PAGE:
The death of former Tamil Nadu chief minister Jayalalithaa is back in the news. The Supreme Court has ordered a Medical Board, headed by the director of All India Institute of Medical Sciences (AIIMS), New Delhi, to assist the Commission which is probing her death.

The apex court's decision is based on an appeal by Apollo Hospitals, where Jayalalithaa was treated. Earlier, the Madras High Court in April 2019 and the Inquiry Commission in January 2019, had rejected appeals from the hospital to constitute a Medical Board to assist the enquiry.

Jayalalithaa was admitted to the Apollo hospital in Chennai in an emergency condition in September 2016 and died 74 days later on December 5. After her party members raised suspicions about her death, the Tamil Nadu government set up an Inquiry Commission, headed by a retired judge Arumughaswamy, on September 25, 2017. Current TN Chief Minister MK Stalin had also promised to inquire into Jayalalithaa's death during the election campaigns.

Apollo says despite its co-operation, the primary concern of the doctors and hospital was that the Commission was not equipped with the expertise to inquire into highly complex medical facts and the inquiry was going off the rails. In January 2018, the hospital produced in the Commission, 30 volumes of medical records, close to 6,000 pages, and all other material relating to the treatment of the late CM in the hospital until her demise. "To date, 56 Apollo doctors, 22 paramedical and support staff of Apollo Hospitals have appeared before the Commission and submitted their oral evidence," says Apollo.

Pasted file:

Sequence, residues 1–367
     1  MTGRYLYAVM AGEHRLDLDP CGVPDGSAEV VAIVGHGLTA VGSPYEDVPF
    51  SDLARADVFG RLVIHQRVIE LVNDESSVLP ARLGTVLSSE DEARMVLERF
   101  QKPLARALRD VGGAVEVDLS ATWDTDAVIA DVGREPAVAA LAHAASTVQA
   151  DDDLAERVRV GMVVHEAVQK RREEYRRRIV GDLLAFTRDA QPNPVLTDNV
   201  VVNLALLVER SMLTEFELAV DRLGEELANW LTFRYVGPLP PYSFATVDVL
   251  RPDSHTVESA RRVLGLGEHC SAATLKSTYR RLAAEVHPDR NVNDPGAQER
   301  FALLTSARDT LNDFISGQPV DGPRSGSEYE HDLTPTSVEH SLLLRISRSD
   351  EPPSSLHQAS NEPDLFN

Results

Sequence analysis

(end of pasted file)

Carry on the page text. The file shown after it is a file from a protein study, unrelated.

The late CM suffered from multiple issues and was treated by doctors from Apollo Hospitals and other experts in India and overseas. Saying the analysis should be undertaken only by equally qualified peers, the hospital has been asking for a Medical Board.

"Apollo has always extended its support and co-operation in the ongoing inquiry and it shall continue to do the same in the proceedings to follow. The SC decision fully vindicates the position taken earlier by Apollo Hospitals that a team of medical experts should have been constituted to aid the Commission in its process. The order of the Supreme Court has buttressed the Inquiry Commission with sufficient checks and balances to enable the inquiry to be now conducted in a fair, accurate and efficacious manner," Apollo Hospitals said in a statement.

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